The evidence is unambiguous: in order to stop future climate change, the world must convert to clean energy sources. Solar and other renewable energy sources are leading the present global energy shift.
However, the fact remains that not every family is a good candidate for rooftop solar. For many people, home solar simply isn’t the best option, even though it works wonderfully for some users.
Here are seven reasons not to switch to solar power. If any of them apply to you, it could be best for you to forego getting panels.
Solar panels won’t fit on our roof
Solar panels are almost always put on the top of houses. That’s why it is not so surprising to see them installed on rooftops of houses in the smart city in Lahore. This is so that solar panels may be installed on the roof, which has both surface area (for the panels to be placed on) and sun exposure (to power the solar panels).
What happens, then, if you don’t have a roof of your own or if the roof you do have is inadequate for the job?
The following are all the roof-related elements that could hinder or render a solar installation unprofitable:
Your roof is beyond repair
Any sort of roof can be used for a solar system, but it is not advised to use one that is weak or broken because that would only exacerbate the situation. Furthermore, it is much better to wait until the roof replacement is complete if one is necessary; otherwise, you will have to remove the solar panels first and reinstall them once the new roof is in place.
Your roof is inadequate
Sunlight is required for solar panels to produce power. They produce more energy the more sunlight they take in. Solar panels might not be able to produce enough kilowatt-hours on a tiny roof to significantly reduce your energy costs.
Ground mounting is not an option
The term “ground-mounted solar” describes solar panels that are mounted on the ground and are tilted toward the sun using specialized mounts. This may be a possibility for farms and ranches, but in towns and suburbs where there is less available open space, it is rarely practical.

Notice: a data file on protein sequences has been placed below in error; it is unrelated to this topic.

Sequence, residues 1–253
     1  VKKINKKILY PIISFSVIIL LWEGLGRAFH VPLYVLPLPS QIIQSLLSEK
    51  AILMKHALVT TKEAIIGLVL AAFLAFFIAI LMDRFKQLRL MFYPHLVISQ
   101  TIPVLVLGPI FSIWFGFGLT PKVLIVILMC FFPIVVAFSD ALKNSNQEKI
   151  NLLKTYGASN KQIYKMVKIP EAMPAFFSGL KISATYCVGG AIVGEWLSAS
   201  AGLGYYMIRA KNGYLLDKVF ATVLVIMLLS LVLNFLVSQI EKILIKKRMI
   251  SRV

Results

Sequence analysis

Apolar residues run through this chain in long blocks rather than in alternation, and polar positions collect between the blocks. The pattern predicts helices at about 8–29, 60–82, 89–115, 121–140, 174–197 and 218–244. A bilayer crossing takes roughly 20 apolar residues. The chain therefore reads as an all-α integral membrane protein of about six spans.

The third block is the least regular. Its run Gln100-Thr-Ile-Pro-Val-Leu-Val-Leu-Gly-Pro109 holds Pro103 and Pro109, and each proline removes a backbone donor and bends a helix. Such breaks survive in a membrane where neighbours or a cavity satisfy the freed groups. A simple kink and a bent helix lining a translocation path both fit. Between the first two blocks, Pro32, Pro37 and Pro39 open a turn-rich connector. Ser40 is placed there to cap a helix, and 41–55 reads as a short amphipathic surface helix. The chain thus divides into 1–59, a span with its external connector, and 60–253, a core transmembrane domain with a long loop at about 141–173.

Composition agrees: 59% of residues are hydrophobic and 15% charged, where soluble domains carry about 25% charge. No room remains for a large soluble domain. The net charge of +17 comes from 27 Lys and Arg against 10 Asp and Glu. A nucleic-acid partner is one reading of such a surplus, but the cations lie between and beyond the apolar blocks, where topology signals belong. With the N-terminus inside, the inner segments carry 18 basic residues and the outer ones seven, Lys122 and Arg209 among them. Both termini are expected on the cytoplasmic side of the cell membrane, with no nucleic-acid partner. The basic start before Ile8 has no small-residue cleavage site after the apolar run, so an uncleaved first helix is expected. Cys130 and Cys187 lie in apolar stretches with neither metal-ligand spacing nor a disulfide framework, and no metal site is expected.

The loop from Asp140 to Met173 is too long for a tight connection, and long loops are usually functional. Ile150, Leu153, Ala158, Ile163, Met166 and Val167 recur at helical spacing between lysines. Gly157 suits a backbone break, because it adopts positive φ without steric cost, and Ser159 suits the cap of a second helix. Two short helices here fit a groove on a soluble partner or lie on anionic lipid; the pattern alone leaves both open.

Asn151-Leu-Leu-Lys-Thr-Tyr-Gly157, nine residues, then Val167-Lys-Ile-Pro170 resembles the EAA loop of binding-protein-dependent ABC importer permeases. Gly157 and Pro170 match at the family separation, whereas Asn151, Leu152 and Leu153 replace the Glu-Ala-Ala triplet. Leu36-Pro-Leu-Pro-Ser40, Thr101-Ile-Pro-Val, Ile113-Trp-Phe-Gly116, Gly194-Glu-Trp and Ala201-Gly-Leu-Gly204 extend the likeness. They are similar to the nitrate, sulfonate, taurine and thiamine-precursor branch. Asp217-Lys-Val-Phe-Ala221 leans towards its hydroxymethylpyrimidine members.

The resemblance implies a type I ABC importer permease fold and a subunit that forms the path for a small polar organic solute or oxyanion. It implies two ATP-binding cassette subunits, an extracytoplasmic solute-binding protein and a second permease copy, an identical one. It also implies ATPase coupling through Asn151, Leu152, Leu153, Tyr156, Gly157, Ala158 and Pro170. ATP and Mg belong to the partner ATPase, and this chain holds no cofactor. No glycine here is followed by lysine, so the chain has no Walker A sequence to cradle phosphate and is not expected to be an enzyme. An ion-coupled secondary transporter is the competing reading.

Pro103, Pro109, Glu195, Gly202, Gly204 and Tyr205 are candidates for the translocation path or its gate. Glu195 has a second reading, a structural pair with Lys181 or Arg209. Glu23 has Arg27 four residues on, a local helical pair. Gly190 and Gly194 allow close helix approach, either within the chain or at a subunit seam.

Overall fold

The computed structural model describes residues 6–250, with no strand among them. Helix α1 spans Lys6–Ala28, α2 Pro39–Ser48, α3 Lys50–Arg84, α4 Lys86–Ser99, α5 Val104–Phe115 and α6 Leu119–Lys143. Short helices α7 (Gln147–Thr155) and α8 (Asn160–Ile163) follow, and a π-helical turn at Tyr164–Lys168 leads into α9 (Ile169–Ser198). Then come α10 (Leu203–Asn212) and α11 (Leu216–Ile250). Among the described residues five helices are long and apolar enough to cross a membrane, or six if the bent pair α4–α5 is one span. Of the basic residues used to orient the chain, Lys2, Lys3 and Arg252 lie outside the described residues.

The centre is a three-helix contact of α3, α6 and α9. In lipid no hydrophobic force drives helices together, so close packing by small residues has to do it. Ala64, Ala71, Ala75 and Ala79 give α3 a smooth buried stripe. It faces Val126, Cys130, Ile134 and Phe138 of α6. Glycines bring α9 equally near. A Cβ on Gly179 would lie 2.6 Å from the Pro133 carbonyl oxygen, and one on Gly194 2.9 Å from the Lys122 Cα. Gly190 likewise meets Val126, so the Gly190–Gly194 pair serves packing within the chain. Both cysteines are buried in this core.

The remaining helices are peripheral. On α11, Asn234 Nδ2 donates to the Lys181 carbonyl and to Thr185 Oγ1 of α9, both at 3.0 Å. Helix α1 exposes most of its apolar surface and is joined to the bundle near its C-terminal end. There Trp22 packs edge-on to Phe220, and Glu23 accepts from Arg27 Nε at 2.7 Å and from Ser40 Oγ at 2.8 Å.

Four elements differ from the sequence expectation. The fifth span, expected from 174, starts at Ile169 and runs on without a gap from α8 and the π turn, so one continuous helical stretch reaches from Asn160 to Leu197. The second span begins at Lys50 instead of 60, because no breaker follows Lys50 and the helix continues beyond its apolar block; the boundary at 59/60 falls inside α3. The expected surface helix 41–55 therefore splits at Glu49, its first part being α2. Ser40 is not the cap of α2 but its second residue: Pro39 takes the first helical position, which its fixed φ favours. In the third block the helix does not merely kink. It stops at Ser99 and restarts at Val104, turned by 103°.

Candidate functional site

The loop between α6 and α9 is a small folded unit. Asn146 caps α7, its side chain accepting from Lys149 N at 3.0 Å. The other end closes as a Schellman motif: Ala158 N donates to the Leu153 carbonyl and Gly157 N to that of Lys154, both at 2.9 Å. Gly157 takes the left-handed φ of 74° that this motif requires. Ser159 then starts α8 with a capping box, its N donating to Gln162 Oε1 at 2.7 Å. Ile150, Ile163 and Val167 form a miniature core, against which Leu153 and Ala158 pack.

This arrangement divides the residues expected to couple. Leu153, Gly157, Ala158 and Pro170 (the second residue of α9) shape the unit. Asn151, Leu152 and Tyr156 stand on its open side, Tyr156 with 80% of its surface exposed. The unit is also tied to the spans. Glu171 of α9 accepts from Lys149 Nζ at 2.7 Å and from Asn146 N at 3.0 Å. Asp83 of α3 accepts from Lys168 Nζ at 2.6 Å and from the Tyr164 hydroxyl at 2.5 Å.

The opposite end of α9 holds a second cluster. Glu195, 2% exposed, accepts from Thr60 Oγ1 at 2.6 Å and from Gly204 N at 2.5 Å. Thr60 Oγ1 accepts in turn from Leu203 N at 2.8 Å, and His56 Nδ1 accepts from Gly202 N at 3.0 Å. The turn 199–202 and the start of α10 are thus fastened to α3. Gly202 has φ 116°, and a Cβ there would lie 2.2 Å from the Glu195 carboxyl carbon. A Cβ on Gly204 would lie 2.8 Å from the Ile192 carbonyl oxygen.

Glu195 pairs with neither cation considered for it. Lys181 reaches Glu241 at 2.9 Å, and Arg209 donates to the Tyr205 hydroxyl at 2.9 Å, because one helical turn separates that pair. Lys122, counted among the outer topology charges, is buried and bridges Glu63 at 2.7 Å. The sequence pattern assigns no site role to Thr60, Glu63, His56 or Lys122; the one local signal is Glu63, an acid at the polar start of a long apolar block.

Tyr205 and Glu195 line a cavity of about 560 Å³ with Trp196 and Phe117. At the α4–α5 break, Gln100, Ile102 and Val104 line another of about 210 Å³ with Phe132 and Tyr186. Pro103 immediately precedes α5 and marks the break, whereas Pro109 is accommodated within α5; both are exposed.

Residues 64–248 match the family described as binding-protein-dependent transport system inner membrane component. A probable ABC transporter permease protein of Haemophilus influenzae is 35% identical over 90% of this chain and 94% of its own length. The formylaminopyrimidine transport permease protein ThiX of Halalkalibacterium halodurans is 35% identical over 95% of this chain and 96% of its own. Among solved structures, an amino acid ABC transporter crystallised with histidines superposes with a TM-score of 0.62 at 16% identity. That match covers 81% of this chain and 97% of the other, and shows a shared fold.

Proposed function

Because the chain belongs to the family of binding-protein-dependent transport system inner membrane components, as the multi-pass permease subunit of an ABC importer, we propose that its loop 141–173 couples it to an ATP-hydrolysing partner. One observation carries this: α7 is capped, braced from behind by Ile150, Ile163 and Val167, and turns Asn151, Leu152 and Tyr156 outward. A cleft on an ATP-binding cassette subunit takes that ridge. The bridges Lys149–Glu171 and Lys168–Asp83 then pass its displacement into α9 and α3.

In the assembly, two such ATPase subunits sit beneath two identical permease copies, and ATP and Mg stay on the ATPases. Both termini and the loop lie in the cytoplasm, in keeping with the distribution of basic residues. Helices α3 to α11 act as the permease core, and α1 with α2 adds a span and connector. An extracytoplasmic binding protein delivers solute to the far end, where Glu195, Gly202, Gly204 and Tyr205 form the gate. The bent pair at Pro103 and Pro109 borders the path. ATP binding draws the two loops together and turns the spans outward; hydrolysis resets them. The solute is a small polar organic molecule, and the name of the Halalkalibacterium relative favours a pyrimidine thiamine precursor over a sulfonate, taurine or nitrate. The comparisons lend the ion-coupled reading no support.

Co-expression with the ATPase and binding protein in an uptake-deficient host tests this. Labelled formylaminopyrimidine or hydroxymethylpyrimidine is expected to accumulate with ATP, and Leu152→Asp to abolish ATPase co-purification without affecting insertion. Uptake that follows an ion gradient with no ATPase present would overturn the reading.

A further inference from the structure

There isn’t another building available
Buildings like carports or sheds, or outdoor structures like gazebos, pergolas, and patio covers, are the final choice to be taken into account. You will have to put off installing solar panels for the time being if you don’t have any of these or if they don’t have enough surface area.
Do you want to sell your house or move
You should pause and reevaluate if solar panels are the best choice for you right now if you have any plans to move out of your existing home in the next few years.
This is due to the fact that moving solar panels from one roof to another can be challenging, if not outright impossible. The location of your new home may not allow for the installation of your existing solar power system, or the local building regulations in your new location may be more stringent.
Even if you can move the panels, it will cost a lot of money to have a solar installation take the panels down and put them back up.
You are not qualified for any discounts or incentives
Government subsidies and incentives are crucial when it comes to solar power.
The most significant of these is the federal government’s solar tax credit, which has helped the solar industry expand by 10,000% since its passage in 2006.
You may use the 30% solar tax credit to offset almost 25% of the cost of your solar system right now. This incentive can significantly shorten the time it takes for a solar system to pay for itself.
These factors can negatively impact a solar panel investment therefore you should save money when you are pretty sure of not moving from a location soon.